The UCW were responsible for many outreach projects that benefited their church community and the Sackville community as a whole. One especially important project was a 1997 call for an examination of the role of women in the United Church. The Maritime conference of the UCW which was attended by representatives from Sackville, made a request to the General Council of the United Church that they launch an investigation into women’s roles. Presenters at the conference semi-jokingly offered ‘Unpaid Church Workers’ as an alternative interpretation of the UCW acronym, giving voice to unspoken assumptions that women should work for free.7 The UCW were working on many community and church projects, filling in the gaps where other groups did not have the time or numbers and yet, as women, unpaid labour was expected, necessitating the investigation.

Florence Cook’s story is one of many women’s stories that have gone untold. It highlights the Sackville Paper Box Company, the Mount Allison Applied Arts program, and the United Church Women, three organizations in which women played pivotal roles. The undervalued labour of women, paid and unpaid, has made a huge contribution to Sackville and to all neighboring communities. Bringing to light these untold stories begins to right the imbalance of inherited histories that prioritize men’s stories over those of women. It is important that we keep this imbalance in mind when studying history on all scales, global or local, and seek to correct it.

Works Cited
Much of the information about Florence Cook was generously provided by her daughter Margaret in an interview at the Boultonhouse Heritage Centre in December 2021. Also, I extend my sincere appreciation to Kathy Bouska, Karen Valanne, Dr. Linda Pearse, and the Mount Allison Experiential Learning Department for their assistance and support with this research.

Archival holdings for the United Church Women and Sackville Paper Box Company can be found at the Fundy St. Lawrence Dawning Waters Regional Council Archives and Regional Council 15 and MC-12 A.W. Davis Family fonds at the Tantramar Heritage Trust archives respectively.

Sackville Tribune. UCWs Request Task Force to Review Women’s Roles in the Church, May, 1997.

Smith, Al and Peter Hicklin. The Geographical, Educational and Industrial Center of the Maritime Provinces of Canada. The White Fence no. 25 (May 2004).

Tisdale, Jane, Rachel Thornton, Kealin Lamb, and Judith Friedland. All Things Useful and Artistic: Applied Arts at Mount Allison University 1906-1960. Sackville, NB: Owens Art Gallery (2015).

Ward, Jeff. Those Inventive Sackvillians! The White Fence, no. 57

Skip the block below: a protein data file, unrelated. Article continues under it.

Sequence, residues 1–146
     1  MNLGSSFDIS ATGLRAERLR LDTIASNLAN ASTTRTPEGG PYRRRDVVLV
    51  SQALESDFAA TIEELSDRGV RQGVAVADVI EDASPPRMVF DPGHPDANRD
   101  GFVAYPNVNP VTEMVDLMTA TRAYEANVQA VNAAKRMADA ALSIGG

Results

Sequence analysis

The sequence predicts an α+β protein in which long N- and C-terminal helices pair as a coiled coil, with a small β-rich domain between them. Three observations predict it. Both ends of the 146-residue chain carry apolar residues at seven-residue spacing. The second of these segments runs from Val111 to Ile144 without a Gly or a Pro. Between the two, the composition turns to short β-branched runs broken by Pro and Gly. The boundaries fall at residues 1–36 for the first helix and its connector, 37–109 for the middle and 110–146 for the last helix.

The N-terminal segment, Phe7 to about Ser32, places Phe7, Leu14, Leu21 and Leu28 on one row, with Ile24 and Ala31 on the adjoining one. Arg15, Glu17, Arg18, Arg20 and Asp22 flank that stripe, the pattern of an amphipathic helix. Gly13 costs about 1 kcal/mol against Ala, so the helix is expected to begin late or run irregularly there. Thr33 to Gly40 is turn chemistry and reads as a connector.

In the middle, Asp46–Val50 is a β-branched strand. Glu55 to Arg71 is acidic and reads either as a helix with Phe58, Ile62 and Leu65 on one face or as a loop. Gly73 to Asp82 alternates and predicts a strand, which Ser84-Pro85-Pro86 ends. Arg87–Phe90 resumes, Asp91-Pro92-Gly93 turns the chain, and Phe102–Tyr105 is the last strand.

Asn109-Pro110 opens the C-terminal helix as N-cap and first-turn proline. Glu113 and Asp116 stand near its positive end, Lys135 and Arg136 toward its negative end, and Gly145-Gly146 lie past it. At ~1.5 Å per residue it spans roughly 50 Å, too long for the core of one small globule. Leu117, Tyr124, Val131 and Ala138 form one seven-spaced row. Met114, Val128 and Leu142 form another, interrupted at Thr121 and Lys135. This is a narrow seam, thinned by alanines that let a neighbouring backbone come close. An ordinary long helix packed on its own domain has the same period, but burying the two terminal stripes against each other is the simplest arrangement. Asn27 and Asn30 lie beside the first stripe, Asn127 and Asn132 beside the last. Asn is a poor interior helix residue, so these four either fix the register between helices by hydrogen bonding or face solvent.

(May 2012).

1. Jeff Ward, “Those Inventive Sackvillians!,” The White Fence #57 (May 2012),
2. Al Smith and Peter Hicklin, “The Geographical, Educational and Industrial Center of the Maritime Provinces of Canada”, The White Fence #25 (May 2004)
3. Jane Tisdale, “All Things Useful and Artistic,” in All Things Useful and Artistic: Applied Arts at Mount Allison University 1906-1960 (Sackville, NB: Owens Art Gallery, 2015), 15–24.
4. Tisdale, ibid., page 15.
5. Judith Friedland, “The Melding of Work and the Mending of Spirit,” in All Things Useful and Artistic: Applied Arts at Mount Allison University 1906-1960 (Sackville, NB: Owens Art Gallery, 2015), 25–28.
6. Mount Allison Applied Arts graduates’ work is available to view at the Owens Art Gallery and the St. James Textile Museum.
7. “UCWs Request Task Force to Review Women’s Roles in the Church,” Sackville Tribune, May 1997.

The Forgotten Champion

by Richard Snowdon

What you are about to read here is a fascinating record of achievement by a young Middle Sackville lad who became a world champion in his chosen sport and then quickly faded from memory for all but his family. James Alexander Snowdon was born in 1861, the fifth of the nine children of Gideon Snowdon and Martha Ann Estabrooks who lived just a stones throw from Silver Lake. As a youngster, Alexander, as he was known by his family, spent the winters on Silver Lake and quickly became a proficient long-distance skater. In his early 20s Alexander moved to the Boston area perhaps to live with his sister and likely to seek employment there. With his skating background Alexander became familiar with the sport of roller-skating which was then becoming a popular social activity for the younger population of America and other parts of the world. Rinks, pavilions and stadiums were being erected in all of the larger cities to enable the skaters to enjoy their sport year round.